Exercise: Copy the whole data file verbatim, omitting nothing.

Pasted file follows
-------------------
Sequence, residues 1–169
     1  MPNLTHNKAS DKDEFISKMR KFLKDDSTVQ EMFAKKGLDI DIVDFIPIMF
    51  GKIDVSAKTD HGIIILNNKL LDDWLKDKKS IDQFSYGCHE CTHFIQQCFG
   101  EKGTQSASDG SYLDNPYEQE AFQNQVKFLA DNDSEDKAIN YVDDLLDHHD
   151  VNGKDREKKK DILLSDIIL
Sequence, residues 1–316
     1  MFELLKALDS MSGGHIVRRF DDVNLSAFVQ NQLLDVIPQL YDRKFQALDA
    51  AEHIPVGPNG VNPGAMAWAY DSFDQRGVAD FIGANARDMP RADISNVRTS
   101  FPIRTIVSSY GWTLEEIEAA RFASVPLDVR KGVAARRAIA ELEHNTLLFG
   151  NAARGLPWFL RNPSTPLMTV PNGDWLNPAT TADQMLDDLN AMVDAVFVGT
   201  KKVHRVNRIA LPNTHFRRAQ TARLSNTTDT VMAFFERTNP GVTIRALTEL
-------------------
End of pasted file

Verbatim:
Sequence, residues 1–169
     1  MPNLTHNKAS DKDEFISKMR KFLKDDSTVQ EMFAKKGLDI DIVDFIPIMF
    51  GKIDVSAKTD HGIIILNNKL LDDWLKDKKS IDQFSYGCHE CTHFIQQCFG
   101  EKGTQSASDG SYLDNPYEQE AFQNQVKFLA DNDSEDKAIN YVDDLLDHHD
   151  VNGKDREKKK DILLSDIIL
Sequence, residues 1–316
     1  MFELLKALDS MSGGHIVRRF DDVNLSAFVQ NQLLDVIPQL YDRKFQALDA
    51  AEHIPVGPNG VNPGAMAWAY DSFDQRGVAD FIGANARDMP RADISNVRTS
   101  FPIRTIVSSY GWTLEEIEAA RFASVPLDVR KGVAARRAIA ELEHNTLLFG
   151  NAARGLPWFL RNPSTPLMTV PNGDWLNPAT TADQMLDDLN AMVDAVFVGT
   201  KKVHRVNRIA LPNTHFRRAQ TARLSNTTDT VMAFFERTNP GVTIRALTEL